Twelve communities will serve as focal points in an ambitious attempt to track changes in the nation's healthcare delivery system.The Washington-based Center for Studying Health System Chang e last week revealed the sites chosen for study and announced the selection of two contractors that will conduct research for the $8.8 million Community Tracking Study. The 12 sites were selected randomly from among more highly pop ulated and HMO-penetrated areas and stratified to generate a sample that would be representative of the nation's population, said health economist Paul B. Ginsburg, the center's president. Because of the difficulties involved in st udying large metropolitan areas, the sample excludes New York City and Los Angeles, for example, focusing instead on Syracuse, N.Y., and Orange County, Calif., he said.Another 48 sites around the country will be studied in lesser d etail, providing "a national portrait of health system change." These cities aren't being disclosed because the data won't be analyzed by site but, rather, "will permit statistically reliable conclusions to be drawn about health system changes in the nation," Ginsburg said.The former executive director of the Physician Payment Review Commission was tapped more than a year ago to lead the Center for Studying Health System Change, which is being funded at least for the next two years by the Robert Wood Johnson Foundation (Jan. 30, 1995, p. 22). The center is part of the Princeton, N.J.-based foundation's Health Tracking Initiative, a project to examine changes in the nation's health care system and how they are affecting people.The center, an affiliate of Princeton-based Mathematica Policy Research, became operational last spring and revealed results of a 15-site pilot study at a December 1995 conference. The so-called Community Snapshots Study helped to frame the upcoming Community Tracking Study and, according to Ginsburg, yielded some surprising findings, such as the pervasiveness of health system change even where "we expected them to be relatively sleepy." The first two-year round of the Community Tracking Study is designed to provide baseline data. It will enable researchers to assess change in those communities over time, analyze differences among commun ities and relate characteristics of the various health systems to health outcomes.Researchers will attempt to answer two broad questions: "How is the organization of the health system changing?" and "How do these changes affect people?"The Center has awarded $1.7 million to Lewin-VHI, a Fairfax, Va.-based consulting firm, to interview key constituencies, hold focus groups and conduct follow-up calls with select individuals in the 12 sites. A $1.6 million contract was given to the Gallup Organization, Princeton, to survey 12,600 randomly selected primary-care physicians and specialists in all 60 communities targeted for study, including the 12 sites identified for in-depth analysis .Mathematica, a research and consulting firm, will receive $5.5 million to interview 20,000 families in the 60 sites about their health insurance coverage, access to care, use of health services, health status and satisfaction with the care they receive.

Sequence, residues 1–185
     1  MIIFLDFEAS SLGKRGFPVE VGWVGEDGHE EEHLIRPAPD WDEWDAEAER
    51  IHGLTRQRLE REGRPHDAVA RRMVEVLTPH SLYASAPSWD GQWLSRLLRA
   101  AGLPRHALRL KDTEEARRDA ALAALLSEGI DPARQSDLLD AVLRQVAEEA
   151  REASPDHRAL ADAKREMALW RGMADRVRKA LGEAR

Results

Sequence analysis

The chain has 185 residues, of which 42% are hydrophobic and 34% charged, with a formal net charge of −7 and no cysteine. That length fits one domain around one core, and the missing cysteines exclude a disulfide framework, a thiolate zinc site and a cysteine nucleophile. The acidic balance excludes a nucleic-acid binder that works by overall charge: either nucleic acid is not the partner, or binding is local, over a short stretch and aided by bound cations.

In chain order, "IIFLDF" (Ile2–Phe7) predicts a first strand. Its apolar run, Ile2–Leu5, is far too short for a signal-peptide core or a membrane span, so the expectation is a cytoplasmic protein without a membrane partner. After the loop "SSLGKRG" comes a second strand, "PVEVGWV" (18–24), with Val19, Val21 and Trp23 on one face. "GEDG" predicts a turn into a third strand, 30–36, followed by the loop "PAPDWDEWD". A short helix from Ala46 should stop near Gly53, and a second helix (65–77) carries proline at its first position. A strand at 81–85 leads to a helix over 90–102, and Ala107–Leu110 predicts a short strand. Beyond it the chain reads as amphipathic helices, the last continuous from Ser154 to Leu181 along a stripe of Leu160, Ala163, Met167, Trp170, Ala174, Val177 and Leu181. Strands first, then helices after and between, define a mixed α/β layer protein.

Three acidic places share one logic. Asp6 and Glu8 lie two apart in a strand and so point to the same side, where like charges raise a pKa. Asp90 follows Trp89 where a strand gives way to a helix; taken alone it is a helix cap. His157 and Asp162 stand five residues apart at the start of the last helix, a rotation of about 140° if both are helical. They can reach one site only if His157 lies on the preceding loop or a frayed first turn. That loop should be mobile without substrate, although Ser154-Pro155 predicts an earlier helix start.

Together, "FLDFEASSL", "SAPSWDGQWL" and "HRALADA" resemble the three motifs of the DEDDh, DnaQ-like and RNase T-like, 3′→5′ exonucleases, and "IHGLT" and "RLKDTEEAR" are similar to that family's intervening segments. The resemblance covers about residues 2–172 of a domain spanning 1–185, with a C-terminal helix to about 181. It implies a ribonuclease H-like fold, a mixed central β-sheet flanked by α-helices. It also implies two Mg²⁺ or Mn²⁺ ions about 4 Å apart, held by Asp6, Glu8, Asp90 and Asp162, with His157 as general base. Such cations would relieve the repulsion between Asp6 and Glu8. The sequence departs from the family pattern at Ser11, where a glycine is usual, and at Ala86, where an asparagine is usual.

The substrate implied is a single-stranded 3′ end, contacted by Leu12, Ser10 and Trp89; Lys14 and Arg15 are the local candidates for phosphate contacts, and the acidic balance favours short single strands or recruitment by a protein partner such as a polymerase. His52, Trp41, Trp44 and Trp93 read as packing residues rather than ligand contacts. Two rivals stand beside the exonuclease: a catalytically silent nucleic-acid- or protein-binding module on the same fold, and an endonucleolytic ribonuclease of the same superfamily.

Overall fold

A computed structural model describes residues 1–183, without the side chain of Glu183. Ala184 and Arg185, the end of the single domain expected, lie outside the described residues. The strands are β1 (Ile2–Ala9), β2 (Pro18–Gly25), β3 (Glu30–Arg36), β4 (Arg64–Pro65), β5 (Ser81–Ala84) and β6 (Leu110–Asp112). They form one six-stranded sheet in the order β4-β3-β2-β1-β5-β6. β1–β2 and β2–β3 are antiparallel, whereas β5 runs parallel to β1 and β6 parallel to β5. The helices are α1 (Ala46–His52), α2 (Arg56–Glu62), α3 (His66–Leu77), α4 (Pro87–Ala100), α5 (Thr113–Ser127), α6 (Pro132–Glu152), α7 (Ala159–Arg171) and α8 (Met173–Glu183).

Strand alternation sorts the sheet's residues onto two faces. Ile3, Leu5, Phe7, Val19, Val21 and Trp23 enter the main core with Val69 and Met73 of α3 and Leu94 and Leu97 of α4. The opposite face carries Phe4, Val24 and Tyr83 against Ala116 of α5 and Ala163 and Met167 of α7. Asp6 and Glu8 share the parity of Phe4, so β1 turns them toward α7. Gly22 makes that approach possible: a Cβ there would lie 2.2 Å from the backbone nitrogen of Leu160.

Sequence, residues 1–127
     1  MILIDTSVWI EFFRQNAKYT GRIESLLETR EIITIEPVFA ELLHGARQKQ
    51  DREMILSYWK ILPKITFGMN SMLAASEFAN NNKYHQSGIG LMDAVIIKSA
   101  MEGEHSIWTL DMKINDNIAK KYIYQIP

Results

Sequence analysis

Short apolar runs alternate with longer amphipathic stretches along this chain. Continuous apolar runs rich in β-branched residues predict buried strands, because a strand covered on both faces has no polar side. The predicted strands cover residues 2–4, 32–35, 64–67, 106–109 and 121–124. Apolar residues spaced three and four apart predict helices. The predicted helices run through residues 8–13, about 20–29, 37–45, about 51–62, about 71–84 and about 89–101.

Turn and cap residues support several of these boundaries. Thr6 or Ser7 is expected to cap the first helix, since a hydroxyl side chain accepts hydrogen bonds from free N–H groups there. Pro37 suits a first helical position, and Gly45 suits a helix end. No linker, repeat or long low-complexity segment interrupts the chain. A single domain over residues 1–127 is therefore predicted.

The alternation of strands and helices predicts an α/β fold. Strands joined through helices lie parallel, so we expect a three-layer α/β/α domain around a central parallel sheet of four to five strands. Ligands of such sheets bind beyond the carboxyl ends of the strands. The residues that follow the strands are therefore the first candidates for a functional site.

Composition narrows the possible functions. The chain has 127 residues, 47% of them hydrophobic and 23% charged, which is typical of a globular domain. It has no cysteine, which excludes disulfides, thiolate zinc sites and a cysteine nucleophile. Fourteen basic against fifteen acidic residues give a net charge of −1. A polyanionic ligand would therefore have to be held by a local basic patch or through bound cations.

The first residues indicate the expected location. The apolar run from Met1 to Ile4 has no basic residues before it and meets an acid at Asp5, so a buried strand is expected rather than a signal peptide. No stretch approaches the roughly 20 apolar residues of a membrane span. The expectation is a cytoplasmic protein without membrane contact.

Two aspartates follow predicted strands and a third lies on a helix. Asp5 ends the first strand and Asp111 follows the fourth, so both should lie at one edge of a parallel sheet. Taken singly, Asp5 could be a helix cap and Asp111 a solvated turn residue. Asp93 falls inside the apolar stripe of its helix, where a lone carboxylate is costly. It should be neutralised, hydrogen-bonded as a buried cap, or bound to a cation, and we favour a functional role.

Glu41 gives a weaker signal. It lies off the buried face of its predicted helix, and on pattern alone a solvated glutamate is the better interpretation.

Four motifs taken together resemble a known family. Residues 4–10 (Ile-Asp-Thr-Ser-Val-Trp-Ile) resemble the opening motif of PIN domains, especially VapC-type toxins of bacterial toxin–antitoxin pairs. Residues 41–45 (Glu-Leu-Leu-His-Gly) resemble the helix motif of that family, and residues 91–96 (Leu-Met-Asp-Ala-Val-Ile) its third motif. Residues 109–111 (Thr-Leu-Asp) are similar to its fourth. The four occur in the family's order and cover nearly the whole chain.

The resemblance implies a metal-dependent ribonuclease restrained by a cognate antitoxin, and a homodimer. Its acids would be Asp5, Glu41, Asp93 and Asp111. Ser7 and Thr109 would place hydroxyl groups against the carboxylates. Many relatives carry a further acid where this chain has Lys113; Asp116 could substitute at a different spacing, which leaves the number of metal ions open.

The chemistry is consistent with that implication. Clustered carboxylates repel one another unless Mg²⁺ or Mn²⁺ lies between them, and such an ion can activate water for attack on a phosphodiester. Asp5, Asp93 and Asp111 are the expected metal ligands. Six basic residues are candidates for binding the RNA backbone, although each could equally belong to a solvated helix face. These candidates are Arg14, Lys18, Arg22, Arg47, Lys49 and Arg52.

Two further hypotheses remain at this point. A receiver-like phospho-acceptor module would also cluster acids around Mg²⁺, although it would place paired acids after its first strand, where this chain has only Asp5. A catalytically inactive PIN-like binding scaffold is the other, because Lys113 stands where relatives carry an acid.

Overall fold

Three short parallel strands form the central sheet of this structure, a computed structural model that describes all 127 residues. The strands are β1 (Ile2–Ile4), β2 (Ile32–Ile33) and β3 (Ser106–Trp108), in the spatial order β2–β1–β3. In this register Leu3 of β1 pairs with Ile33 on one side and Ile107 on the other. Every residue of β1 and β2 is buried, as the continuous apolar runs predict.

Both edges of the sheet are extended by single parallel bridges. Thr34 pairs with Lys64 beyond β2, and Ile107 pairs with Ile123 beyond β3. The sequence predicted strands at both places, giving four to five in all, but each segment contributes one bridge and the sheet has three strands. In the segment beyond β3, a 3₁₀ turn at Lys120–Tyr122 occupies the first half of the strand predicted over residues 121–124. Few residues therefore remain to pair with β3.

THE WEEK IN HEALTHCARE;SYSTEMS;STUDY OF U.S. SYSTEM TO FOCUS ON 12 SITES
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